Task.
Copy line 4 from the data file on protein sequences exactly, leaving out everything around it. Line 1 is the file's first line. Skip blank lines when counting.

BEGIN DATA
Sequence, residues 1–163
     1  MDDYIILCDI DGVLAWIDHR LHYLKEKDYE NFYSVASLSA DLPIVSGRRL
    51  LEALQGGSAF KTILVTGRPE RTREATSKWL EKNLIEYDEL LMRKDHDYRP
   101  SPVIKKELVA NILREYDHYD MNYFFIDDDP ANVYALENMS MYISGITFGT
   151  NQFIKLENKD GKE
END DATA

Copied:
   101  SPVIKKELVA NILREYDHYD MNYFFIDDDP ANVYALENMS MYISGITFGT